We spend a lot of time, energy and money focusing on our physical health and needs. We try to eat right, exercise, go to the doctors and dentists, the physiotherapists, chiropractors, and personal trainers. We pay attention to our aches and pains, to the injuries and wounds. So why is it such a challenge to pay the same amount of time and energy to our emotional wellbeing?
Guy Winch, PhD., is the author of ì7 Habits of Emotionally Healthy Peopleî (Psychology Today, Dec 2013). He identified the following ways we can be more proactive about protecting our mental wellbeing. The following is my interpretation and summary of his ideas:
1. Fail successfully: this is really about learning from your mistakes rather than beating yourself up. The goal is to reflect on the failure in a way that helps you to improve.
2. Find meaning in loss: when we experience loss (and we all do) we have the opportunity to reflect on more than the void in our lives. We can also focus on what we gained and develop a new appreciation for the people and things we once had and could have again. This helps us to remember that we are always in transition.
3. Stop brooding: ruminating and continual pre-occupation on distressing events only makes the emotional wound grow. Distracting yourself with tasks that require concentration like puzzles, housework, exercise, helping a friend, playing, etc. can help to disrupt the brooding long enough to change your focus.
4. Nurture self esteem: we can often be our own worse enemies. Our self-talk can be critical and demeaning at a time when we often need compassion and encouragement. Changing our self-talk from critical to supportive takes a conscious effort. You can practice by writing yourself a letter as though you were your own best friend. Read this letter when you need a boost to remind yourself how awesome you really are!
5. Revive self-worth: we all try to find a reason or meaning when we are rejected and this can lead to finding fault in ourselves. Although it can be helpful to reflect and learn from our experiences, this can sometimes lead to beating ourselves up unnecessarily. “The best way to ease emotional pain and revive self worth after a rejection is to affirm the aspects of yourself that you value, qualities you possess that you find meaningful…” (Winch, 2013)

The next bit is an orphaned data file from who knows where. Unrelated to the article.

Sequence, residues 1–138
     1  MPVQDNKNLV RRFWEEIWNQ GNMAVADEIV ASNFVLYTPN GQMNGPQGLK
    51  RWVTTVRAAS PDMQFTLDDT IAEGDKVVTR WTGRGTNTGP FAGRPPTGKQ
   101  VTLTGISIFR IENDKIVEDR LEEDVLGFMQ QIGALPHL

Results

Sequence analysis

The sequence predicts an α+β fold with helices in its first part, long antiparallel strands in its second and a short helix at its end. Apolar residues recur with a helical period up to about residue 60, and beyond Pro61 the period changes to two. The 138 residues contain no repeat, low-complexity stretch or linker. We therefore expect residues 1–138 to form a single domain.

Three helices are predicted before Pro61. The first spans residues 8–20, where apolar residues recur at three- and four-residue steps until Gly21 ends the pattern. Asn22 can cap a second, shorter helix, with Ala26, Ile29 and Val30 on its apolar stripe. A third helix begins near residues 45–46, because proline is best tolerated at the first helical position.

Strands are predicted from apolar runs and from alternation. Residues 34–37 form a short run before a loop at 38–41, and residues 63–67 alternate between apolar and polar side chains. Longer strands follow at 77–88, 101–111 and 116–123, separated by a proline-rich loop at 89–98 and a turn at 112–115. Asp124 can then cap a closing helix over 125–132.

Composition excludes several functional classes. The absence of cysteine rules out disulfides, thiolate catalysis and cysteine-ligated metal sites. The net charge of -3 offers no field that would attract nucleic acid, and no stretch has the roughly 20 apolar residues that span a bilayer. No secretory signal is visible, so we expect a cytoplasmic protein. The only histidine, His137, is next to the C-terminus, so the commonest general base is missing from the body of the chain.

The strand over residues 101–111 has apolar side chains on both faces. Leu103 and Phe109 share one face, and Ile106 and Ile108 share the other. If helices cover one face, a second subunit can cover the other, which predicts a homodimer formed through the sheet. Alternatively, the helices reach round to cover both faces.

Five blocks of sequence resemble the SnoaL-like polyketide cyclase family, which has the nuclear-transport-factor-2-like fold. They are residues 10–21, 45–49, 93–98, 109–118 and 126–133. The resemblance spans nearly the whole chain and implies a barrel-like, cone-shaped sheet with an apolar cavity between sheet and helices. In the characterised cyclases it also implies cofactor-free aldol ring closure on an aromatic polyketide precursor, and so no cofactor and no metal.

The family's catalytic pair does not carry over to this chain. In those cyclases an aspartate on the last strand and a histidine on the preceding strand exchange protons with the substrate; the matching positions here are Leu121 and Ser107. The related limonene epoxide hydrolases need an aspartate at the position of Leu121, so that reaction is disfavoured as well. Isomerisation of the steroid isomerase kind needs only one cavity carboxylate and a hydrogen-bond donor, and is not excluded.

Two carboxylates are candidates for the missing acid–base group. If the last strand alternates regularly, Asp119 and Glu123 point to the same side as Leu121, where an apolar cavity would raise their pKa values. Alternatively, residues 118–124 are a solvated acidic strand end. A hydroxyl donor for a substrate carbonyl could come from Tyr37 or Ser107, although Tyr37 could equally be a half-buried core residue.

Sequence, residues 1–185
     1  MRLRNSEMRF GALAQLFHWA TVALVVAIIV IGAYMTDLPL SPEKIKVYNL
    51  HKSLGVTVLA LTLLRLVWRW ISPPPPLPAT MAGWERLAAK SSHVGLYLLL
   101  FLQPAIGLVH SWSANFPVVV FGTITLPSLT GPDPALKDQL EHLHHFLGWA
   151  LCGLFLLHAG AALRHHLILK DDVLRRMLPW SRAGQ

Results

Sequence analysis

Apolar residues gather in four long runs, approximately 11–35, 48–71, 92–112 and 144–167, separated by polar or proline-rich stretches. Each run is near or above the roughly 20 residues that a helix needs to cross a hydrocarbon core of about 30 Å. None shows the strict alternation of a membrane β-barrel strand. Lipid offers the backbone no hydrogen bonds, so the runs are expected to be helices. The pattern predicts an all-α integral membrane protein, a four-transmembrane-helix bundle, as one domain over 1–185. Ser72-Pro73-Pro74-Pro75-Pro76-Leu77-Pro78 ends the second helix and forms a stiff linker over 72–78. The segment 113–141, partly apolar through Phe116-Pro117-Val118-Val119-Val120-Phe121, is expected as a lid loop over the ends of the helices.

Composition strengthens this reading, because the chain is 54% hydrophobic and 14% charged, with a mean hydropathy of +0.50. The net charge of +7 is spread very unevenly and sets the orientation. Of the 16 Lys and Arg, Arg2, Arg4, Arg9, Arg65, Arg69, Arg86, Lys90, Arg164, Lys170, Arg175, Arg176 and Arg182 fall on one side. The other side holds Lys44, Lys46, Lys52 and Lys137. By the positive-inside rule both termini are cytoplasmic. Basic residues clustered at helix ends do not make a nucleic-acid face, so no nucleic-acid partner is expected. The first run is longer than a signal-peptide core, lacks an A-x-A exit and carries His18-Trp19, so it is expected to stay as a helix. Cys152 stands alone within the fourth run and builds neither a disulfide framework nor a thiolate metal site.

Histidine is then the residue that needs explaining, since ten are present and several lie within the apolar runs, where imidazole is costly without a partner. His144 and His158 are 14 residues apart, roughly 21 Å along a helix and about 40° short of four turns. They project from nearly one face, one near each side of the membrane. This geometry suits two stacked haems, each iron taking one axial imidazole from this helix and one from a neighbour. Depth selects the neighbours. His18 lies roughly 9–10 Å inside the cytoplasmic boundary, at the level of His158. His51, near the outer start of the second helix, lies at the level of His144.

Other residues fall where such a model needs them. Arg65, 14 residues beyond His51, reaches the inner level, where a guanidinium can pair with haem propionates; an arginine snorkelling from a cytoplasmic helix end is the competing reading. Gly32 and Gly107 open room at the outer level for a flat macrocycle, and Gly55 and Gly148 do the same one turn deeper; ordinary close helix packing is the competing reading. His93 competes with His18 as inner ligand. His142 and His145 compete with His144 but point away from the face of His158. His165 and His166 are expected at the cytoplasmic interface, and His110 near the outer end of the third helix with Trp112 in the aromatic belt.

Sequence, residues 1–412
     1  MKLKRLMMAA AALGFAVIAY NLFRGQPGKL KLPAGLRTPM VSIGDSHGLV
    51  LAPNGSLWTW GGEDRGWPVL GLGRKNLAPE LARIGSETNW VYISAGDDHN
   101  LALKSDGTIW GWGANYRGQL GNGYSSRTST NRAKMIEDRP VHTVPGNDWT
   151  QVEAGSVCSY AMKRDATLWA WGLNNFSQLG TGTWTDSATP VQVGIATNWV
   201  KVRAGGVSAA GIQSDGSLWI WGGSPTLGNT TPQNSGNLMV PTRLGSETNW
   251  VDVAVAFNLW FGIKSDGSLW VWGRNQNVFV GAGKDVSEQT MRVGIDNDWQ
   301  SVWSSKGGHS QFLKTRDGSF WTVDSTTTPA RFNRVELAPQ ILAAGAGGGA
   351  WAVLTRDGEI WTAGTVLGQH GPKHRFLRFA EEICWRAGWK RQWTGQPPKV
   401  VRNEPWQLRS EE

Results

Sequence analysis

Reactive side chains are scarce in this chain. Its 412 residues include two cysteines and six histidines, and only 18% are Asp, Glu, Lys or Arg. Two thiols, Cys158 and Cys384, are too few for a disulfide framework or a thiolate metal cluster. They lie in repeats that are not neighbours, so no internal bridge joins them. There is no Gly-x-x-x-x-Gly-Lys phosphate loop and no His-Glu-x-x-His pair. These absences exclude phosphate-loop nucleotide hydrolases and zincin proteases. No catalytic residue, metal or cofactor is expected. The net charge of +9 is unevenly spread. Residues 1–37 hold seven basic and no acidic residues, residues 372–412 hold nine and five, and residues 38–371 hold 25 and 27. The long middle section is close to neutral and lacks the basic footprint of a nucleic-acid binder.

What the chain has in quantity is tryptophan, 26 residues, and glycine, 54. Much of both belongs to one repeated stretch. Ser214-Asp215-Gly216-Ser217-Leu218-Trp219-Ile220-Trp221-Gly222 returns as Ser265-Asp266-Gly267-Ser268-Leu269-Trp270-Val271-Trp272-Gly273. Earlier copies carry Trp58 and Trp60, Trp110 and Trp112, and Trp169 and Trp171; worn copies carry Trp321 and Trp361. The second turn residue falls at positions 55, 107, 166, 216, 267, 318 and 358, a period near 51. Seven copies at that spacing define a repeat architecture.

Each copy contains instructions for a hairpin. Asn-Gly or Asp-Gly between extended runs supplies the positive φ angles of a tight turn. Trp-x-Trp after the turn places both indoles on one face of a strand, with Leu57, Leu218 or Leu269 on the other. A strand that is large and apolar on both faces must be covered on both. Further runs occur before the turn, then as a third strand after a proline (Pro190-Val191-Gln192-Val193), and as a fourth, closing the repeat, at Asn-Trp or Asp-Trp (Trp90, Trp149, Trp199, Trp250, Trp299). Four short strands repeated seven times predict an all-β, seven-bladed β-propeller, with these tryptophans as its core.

6. Combat loneliness: sometimes we unconsciously engage in behaviours that minimize the risk we could get hurt or rejected. We avoid taking risks or reaching out to others by making excuses, rationalizing or predicting negative outcomes. Taking risks each day to connect to others is part of the challenge we all face to maintain a mentally healthy life. Call people you’ve wanted to hear from, send invitations to see people you like, and attend events and meet someone new. It may sound exhausting or stressful but this is just another excuse to avoid getting rejected.
7. Absolve yourself: when we have hurt someone and feel guilt, we have the opportunity to convey truthful and heartfelt empathy. This requires a genuine appreciation for how the other person was affected and the ability to humbly acknowledge our part in that hurt. When we do this, we no longer carry around the guilt we feel, we also have the chance to connect with that person in a deeper, more meaningful way. Even if this doesn’t result in forgiveness, we can move forward knowing we’ve taken responsibility for our actions while accepting our humanness for making mistakes.
These are just a few of the ways I believe we can learn to take care of our emotional lives. These are often the basis of many mental health concerns that people come to counselling and therapy for. Creating and maintaining our mental health takes commitment, time, practice and patience.
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